CS346 - Spring 2014 Database System Implementation
Time and Place
The course meets Monday and Wednesday, 11:00-12:15, in Econ 140.
CS245 (Database System Principles) or equivalent knowledge is
essential. We will assume that all students already understand basic
database system implementation techniques. In this course you will
put your basic knowledge into practice while learning about more
advanced implementation techniques including those used in commercial
We recommend that all students have prior experience with Unix, and
at least with the C programming language. It is preferred that
students have C++ experience as well, although it is not essential.
Students with no C++ experience will need to learn quickly; students
with no C/Unix experience probably should not take this course.
Students may enroll in CS346 for 3, 4, or 5 units. All students are
expected to do the same amount of work regardless of their number of
units. CS346 is a 5-unit course in terms of work; it is offered for
fewer units as a courtesy to students who have a limit.
Readings and Textbook
A few research papers will be made available on the web as suggested
reading. There is no required textbook for the course, but students
may wish to own a comprehensive database textbook for reference, for
Database Systems: The Complete Book
H. Garcia-Molina, J.D. Ullman, and J. Widom; Prentice Hall Book Web site
Other textbooks such as those by Silberschatz, Korth, & Sudarshan;
Ramakrishnan & Gehrke; Elmasri & Navathe; O'Neil; or Date also are
sufficient. There is a copy of Garcia-Molina, Ullman, & Widom on
reserve at the Math and Computer Science library.
There will be five aspects to the course:
The basic RedBase project, implemented by each student
An extension to RedBase, individually conceived, designed, and
implemented by each student.
Lectures on aspects of the RedBase project.
Lectures on advanced database system implementation
techniques, with an emphasis on query processing and optimization.
Guest lecturers from industry describing commercial database
system implementation techniques, with an emphasis on query processing
There will be two quizzes. Eligible material for the quizzes includes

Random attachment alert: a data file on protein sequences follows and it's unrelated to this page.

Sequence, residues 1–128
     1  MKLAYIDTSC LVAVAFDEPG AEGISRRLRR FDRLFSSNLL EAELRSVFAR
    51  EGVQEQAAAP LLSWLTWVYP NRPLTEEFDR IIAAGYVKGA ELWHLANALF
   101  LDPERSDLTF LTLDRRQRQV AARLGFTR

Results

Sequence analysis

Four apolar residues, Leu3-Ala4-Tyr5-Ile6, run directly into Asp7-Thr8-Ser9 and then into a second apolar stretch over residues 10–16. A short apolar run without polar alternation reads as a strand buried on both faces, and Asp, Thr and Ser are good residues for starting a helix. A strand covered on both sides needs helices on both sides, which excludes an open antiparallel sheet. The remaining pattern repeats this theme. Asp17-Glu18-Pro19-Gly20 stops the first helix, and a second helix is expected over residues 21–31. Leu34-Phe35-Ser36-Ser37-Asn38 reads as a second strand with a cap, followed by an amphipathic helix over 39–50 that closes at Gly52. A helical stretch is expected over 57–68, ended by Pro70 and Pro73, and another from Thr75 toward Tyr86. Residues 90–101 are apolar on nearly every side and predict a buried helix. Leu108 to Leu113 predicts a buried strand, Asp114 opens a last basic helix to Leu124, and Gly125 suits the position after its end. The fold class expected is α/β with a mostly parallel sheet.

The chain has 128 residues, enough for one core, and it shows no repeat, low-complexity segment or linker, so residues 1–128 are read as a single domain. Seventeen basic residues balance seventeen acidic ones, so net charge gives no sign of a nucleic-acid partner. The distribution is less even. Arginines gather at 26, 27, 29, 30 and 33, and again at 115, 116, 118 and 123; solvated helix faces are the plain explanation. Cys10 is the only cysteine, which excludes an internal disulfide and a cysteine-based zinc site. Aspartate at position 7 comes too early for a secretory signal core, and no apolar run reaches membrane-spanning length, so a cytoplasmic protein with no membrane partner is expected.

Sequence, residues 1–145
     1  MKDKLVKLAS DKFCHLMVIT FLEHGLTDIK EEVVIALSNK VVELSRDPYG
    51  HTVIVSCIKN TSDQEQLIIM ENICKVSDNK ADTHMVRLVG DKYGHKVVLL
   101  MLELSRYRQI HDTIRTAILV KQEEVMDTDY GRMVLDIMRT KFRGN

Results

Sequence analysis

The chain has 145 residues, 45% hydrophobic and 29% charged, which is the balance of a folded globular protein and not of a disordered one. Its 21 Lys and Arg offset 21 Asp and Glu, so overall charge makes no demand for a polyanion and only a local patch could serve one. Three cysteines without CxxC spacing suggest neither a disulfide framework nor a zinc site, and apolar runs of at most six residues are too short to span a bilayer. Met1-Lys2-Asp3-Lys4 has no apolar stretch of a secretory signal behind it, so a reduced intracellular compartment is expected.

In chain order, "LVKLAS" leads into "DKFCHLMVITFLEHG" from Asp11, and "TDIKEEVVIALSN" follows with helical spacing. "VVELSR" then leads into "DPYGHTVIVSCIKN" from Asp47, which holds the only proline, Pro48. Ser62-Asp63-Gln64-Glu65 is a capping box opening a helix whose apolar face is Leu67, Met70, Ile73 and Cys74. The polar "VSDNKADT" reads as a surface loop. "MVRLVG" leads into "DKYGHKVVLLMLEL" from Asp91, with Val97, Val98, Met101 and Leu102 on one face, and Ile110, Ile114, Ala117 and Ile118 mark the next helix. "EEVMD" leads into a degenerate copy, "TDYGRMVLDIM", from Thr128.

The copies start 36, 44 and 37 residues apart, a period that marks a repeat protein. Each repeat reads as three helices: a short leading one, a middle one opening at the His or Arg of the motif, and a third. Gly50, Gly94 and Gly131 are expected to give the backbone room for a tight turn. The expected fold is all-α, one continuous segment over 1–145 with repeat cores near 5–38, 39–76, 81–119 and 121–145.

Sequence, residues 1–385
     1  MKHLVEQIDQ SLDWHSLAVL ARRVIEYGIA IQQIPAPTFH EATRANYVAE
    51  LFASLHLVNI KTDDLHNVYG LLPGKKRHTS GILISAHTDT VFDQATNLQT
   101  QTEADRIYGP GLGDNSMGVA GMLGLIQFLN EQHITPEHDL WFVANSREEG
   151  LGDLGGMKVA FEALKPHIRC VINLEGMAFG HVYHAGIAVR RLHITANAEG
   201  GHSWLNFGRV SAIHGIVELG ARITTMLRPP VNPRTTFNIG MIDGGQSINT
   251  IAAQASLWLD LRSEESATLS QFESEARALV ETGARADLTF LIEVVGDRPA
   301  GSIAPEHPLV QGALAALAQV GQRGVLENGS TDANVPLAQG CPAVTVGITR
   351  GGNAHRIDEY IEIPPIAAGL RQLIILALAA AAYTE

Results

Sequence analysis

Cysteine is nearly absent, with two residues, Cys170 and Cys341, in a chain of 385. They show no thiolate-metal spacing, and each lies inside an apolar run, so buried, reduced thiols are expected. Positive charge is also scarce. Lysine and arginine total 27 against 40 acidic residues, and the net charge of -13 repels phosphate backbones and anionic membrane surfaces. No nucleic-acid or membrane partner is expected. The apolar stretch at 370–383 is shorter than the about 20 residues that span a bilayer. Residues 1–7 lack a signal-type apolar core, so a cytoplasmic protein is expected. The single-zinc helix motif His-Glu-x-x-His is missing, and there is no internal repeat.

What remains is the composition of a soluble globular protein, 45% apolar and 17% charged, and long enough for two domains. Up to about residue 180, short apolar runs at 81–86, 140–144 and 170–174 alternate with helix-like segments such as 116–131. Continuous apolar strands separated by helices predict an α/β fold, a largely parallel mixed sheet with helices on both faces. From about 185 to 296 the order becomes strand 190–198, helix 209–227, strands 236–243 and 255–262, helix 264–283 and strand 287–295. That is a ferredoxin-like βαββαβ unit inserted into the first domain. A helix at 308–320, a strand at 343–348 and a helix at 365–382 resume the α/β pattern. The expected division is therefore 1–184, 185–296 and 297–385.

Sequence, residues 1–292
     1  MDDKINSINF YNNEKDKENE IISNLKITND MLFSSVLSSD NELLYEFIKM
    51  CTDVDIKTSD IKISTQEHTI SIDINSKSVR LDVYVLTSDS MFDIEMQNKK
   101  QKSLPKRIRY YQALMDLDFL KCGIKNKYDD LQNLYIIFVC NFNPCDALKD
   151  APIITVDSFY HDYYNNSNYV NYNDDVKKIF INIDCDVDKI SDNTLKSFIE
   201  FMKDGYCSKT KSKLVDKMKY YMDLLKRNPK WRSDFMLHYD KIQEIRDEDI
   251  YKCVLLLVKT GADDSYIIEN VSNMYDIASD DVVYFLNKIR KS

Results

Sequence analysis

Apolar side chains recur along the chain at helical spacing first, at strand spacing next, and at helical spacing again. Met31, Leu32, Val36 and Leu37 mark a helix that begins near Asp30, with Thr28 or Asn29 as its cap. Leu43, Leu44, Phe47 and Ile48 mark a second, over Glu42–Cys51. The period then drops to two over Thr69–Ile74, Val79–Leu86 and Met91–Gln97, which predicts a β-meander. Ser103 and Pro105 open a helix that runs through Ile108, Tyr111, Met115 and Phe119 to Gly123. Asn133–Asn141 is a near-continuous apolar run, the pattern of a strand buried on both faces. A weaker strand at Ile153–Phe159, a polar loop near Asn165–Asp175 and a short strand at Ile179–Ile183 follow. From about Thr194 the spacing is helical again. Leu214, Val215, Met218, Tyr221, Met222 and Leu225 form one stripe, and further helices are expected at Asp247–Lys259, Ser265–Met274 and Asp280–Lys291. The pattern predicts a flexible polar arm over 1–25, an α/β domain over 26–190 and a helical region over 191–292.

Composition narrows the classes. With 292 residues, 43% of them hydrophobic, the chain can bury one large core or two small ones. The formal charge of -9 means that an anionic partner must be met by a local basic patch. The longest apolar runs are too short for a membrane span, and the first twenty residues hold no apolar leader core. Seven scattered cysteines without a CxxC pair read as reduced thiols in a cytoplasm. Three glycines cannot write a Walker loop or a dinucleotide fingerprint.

the project, all lectures (including guest lectures), and all papers
as covered in class. The quizzes will be short, they will be
open-notes, they will count for only a small percentage of the final
grade (see the grading breakdown, next), and they are not meant to be
difficult -- they are meant only to ensure that students have a basic
understanding of the material covered in class. The dates and times
for the quizzes are:
Quiz: Wednesday April 30, in class
Alternate or makeup quizzes will not be given.
85% of your final grade will be based on the project, 10% on
quizzes, and 5% on class participation. The complete breakdown is:
Project Part 1
Project Part 2
Project Part 3
Project Part 4
Part 5 proposal
Your programs will be graded on correctness and efficiency, as well
as on descriptions of key design decisions. Details on program
grading criteria and mechanisms are provided in the RedBase Logistics document.
CS 346 is not graded on a curve. It's a difficult class, and
everyone who performs well (defined very roughly as ~90% of project points, ~80% of quiz points, and a solid
RedBase extension) will get an A.
Students with Documented Disabilities
Students who may need an academic accommodation based on the impact of
a disability must initiate the request with the Student
Disability Resource Center (SDRC) located within the Office of Accessible
Education (OAE). SDRC staff will evaluate the request with
required documentation, recommend reasonable accommodations, and
prepare an Accommodation Letter for faculty dated in the
current quarter in which the request is being made. Students should
contact the SDRC as soon as possible since timely notice is needed to
coordinate accommodations. The OAE is located at 563 Salvatierra Walk
(phone: 723-1066, 723-1067 TTY).
Under the Honor Code at Stanford, each of you is expected to submit
your own work in this course: all code submitted must have been
written by you. However, on many occasions when working on programs
it is useful to talk with others (the instructor, the TA, or other
students) about design decisions and programming strategies. Such
activity is both acceptable and encouraged, but when you turn in your
programs you must indicate any assistance you received. Any
assistance received that is not given proper citation will be
considered a violation of the Honor Code.
The project extension proposal must represent individual ideas and
writing, and we discourage excessive collaboration in developing
proposals. Quiz answers must be original.
The course staff will pursue
aggressively all suspected cases of Honor Code violations, and they
will be handled through official University channels. The course
staff may employ plagiarism-detection software to ensure that
programs turned in are the original work of each student.